What is a Website Development Scope of Work?
A website development scope of work is a document that web developers send to clients to provide details on a specific project and its requirements.
Once signed, it’s a legally binding document that helps both parties avoid conflict, minimize misunderstandings, and stay on the same page.
An in-depth scope of work should include:
- Project summary: sums up the key web development details
- Project scope: sets project goals and boundaries
- Deliverables: that specify tangible and intangible project outputs, such as lines of code, coding language, and the associated website
- Project schedule: outlines project start and end dates along with milestones
- Final price: of completing the website development
Ensuring you’ve got all of this on your scope of work sets you up for a successful web development agreement.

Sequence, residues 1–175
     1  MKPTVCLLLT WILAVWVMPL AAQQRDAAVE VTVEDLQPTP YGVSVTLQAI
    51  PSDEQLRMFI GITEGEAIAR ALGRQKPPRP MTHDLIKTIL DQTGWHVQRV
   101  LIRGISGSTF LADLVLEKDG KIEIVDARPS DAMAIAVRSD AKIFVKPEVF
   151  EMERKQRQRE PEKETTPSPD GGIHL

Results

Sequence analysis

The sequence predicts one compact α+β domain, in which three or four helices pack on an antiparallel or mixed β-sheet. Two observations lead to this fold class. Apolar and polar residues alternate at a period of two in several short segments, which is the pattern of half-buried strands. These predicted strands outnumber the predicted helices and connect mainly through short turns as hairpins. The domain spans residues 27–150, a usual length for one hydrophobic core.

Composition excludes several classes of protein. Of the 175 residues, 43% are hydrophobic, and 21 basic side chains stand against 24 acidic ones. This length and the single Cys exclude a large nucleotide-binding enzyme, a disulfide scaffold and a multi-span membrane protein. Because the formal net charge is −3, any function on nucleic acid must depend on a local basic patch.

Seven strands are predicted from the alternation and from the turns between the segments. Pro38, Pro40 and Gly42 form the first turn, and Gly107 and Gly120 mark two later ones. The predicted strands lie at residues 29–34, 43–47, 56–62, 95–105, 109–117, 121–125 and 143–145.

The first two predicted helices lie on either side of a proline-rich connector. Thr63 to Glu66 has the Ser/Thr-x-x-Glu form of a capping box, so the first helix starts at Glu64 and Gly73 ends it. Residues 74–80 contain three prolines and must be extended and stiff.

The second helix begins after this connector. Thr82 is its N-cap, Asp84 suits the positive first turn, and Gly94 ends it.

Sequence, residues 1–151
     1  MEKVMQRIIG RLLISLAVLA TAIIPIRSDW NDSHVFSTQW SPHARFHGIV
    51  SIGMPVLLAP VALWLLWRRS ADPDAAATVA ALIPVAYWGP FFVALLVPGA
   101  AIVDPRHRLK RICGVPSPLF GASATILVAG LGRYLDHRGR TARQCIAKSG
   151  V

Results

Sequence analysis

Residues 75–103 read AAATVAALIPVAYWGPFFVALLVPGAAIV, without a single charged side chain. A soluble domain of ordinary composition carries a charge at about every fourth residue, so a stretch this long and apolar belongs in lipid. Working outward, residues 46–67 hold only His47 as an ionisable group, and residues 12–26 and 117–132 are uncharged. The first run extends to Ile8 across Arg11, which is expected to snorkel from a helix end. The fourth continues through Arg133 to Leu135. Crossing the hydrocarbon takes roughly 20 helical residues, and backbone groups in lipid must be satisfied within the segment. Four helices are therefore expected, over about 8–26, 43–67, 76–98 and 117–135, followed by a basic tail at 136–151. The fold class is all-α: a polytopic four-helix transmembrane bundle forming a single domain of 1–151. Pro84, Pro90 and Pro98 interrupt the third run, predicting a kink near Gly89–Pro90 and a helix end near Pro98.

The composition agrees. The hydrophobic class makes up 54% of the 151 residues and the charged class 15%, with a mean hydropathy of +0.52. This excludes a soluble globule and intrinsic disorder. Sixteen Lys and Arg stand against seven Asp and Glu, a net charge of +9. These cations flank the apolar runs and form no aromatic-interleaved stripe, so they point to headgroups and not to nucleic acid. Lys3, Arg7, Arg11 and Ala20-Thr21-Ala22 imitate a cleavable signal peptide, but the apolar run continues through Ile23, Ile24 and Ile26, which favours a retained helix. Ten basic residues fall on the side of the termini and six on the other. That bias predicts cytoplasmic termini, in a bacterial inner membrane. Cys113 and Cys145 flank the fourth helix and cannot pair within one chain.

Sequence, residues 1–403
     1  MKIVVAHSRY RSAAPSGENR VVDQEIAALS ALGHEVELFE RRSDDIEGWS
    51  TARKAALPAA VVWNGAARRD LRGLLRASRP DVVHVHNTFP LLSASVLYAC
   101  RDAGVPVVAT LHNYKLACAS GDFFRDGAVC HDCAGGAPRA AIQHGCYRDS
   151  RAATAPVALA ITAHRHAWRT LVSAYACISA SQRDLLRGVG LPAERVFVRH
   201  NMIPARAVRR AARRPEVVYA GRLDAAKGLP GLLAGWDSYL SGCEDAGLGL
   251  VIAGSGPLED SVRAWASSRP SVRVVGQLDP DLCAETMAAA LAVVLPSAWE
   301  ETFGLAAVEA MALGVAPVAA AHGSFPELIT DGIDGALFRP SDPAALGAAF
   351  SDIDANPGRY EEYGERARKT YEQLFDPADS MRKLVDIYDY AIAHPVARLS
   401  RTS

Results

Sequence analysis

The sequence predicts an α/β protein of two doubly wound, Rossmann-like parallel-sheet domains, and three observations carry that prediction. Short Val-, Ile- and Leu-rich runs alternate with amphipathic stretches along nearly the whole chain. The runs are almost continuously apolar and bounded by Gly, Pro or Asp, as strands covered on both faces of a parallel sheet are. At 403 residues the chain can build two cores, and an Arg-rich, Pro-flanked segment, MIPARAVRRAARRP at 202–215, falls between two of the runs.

Note: Sign up to Bonsai to access this website development scope of work template plus many other key business documents for your website development business.
Why do you Need a Website Development Scope of Work Template?
A clear website development scope of work template lays the foundation of a new project by outlining important deadlines, deliverables, and key expectations, all you need to do is tweak it per client.
It helps the client clarify expectations, visions, and responsibilities at the beginning of a project.
Communication throughout any web design project is key–keep touching base with clients to gather requirements for the SOW and validate their web design and development expectations. This will help you avoid miscommunication, hiccups, or misunderstandings.